By Katrin Bennhold
LONDON — The sniper arrived at sunset with infrared binoculars and a silencer in his tennis bag. He set up his .22-caliber rifle in the back of a Victorian townhouse, cracked open the glass door and pointed the shrouded barrel toward the far corner of the narrow garden. Then he waited, his right eye glued to the scope, as the last light leaked away.
It took less than an hour. A shadow crept out of the dark and into his field of vision. A crack, barely audible amid the roar of rush hour, and the target collapsed into a lifeless heap of ginger-colored fur.
“Baby scores again,” the sniper said, patting his rifle. He turned to his client, a 37-year-old mother of two who had come in from the kitchen: “Do you have a bin bag?”
Britain has the world’s highest known density of urban foxes, the result of their self-colonization in cities here since the 1930s. There are now more foxes in London than double-decker buses: an estimated 10,000 roam streets and gardens, often in plain view.
Like the raccoons and coyotes that bedevil American city dwellers, foxes mate noisily, leave smelly droppings, dig up flower bulbs, rifle through trash and occasionally attack pets or people. They have been vilified for killing penguins and flamingo chicks in the London Zoo, and, once, for biting off a baby’s finger.
“They may appear cuddly and romantic, but foxes are also a pest and a menace, particularly in our cities,” Boris Johnson, the mayor of London, said after the finger incident last year. When his own cat appeared to have been mauled by a fox, Mr. Johnson got so angry, he said he wanted to “go out with my .22 and blaze away.”
The subject rouses great passions in a country that invented modern fox hunting in the 18th century, but also has the world’s longest tradition of animal rights. The Royal Society for the Prevention of Cruelty to Animals was founded in 1824, nine years before the British Empire abolished slavery. Today a donkey sanctuary in Devon attracts more donations per year than the three most prominent British charities dealing with violence against women combined.
Clare, a lawyer with three children who also had the foxes in her garden shot, did not want her last name published, saying “there are probably more people who want to shoot people who shoot foxes, than people who want to shoot foxes.”
That is why Phil the fox sniper also asked that his last name not be published. “I don’t want anyone to do my tires or firebomb my house or, you know, dig up my granny,” he said, referring to a 2004 campaign against a farmer breeding guinea pigs for medical research, which included the disinterment of his mother-in-law.
Shooting foxes is controversial, but legal. Phil, 63, first considered it three decades ago, after a fox ripped off the head of his daughter’s guinea pig, which was kept in their garden. A plumber who likes to hunt, he has 10 guns in his bedroom safe. He tied a pillow around the barrel of one as a makeshift silencer and waited, but the fox never showed up. Then a friend’s two dachshunds were attacked, and he “cracked” a couple of foxes in her garden. “From there, it just snowballed,” he said.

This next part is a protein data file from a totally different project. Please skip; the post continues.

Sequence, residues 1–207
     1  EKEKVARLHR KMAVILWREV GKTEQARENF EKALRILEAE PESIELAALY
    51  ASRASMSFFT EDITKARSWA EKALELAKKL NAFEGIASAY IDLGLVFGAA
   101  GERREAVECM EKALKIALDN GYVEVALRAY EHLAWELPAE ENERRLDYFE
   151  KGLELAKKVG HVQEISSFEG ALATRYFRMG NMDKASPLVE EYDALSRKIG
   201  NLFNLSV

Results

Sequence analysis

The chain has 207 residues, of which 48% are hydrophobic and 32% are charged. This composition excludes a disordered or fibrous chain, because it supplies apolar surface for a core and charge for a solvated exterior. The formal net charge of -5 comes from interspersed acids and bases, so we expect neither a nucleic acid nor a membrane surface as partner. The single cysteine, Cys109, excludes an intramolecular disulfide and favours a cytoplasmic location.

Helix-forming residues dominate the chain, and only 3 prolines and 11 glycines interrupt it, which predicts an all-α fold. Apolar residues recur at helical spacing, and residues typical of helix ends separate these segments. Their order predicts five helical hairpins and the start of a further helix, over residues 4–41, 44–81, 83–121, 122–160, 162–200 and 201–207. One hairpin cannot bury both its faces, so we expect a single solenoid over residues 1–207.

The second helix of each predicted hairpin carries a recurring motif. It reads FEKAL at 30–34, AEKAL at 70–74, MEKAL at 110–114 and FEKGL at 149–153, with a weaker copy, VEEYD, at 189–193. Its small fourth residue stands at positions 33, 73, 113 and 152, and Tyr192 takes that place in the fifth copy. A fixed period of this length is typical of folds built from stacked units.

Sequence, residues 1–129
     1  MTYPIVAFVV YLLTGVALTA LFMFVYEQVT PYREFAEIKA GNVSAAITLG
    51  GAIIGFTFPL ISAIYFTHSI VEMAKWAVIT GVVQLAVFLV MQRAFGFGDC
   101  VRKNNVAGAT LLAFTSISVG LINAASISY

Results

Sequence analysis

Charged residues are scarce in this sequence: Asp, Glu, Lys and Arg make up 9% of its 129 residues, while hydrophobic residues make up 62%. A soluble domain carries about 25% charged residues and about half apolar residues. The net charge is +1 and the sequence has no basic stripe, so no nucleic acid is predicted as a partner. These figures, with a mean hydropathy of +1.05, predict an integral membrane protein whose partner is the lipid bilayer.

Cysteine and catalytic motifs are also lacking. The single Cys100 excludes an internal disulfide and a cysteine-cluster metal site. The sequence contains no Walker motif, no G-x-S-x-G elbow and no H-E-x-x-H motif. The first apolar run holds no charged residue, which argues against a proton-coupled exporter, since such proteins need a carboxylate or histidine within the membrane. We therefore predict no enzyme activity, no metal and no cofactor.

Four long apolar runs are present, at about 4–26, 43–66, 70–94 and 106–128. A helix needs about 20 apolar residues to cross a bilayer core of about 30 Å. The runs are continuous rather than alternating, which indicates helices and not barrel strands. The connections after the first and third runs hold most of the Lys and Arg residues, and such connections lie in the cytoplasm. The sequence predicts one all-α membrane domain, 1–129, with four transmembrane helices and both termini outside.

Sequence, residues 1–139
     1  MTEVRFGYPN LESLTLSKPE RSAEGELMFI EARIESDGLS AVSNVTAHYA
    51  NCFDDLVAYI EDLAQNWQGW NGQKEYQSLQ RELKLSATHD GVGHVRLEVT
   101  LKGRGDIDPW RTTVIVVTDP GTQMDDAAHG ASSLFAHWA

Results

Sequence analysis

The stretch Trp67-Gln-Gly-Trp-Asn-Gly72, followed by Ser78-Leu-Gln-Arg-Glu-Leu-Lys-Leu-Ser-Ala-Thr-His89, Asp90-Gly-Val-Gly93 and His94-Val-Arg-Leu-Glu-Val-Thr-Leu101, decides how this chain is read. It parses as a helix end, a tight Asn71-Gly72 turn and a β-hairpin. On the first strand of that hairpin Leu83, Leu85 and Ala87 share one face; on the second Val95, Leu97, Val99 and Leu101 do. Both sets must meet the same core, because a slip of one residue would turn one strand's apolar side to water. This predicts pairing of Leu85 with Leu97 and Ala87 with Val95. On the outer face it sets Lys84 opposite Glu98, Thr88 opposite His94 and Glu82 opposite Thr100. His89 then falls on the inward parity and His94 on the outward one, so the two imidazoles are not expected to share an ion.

Continue reading the main story His clients include tennis clubs, schools, urban farms and families, typically with small children or pets. (One woman hired him to avenge her Chihuahua after a necropsy found fox bites on its neck.)
He charges 75 pounds, nearly $120, for the first fox and about £50 for every fox after that, disposal included. The cadavers go to a friend’s maggot farm, where they are turned into chicken feed. “Poetic justice,” Phil calls it.
But foxes have at least as many fans as enemies here. Some Londoners feed them regularly. Others wire up their gardens with night vision and cameras to stream videos online. Facebook pages like Urban Fox Defenders (“A page for those who are sick of the reckless and mindless demonization of our town foxes”) have thousands of likes.
When 9-month-old twins Lola and Isabella Koupparis were hospitalized with face and arm injuries after a fox had entered their North London bedroom in 2010, their mother received so many online threats for giving foxes a bad name that she was provided police protection.
Some Britons have never entirely gotten over the 2004 ban on fox hunting, the kind where horseback riders in red blazers give chase with a pack of dogs. After some 700 hours of debate, Parliament chose the animals’ rights over a very British tradition. The hunting lobby claims fox numbers have exploded since.
Stephen Harris of the University of Bristol, a self-described vulpophile who has studied foxes for four decades, says there is no evidence of that. He blames the tabloids for making people believe that urban foxes are now “as big as Alsatians” and their numbers are “out of control.” As far back as 1973, a British newspaper warned that eventually a fox would kill a baby, he wrote in The Guardian. “It hasn’t happened.”
Indeed, fox numbers are believed to be roughly what they were in the 1980s, he said. If they are more visible today, it is mainly because humans have encouraged them. More....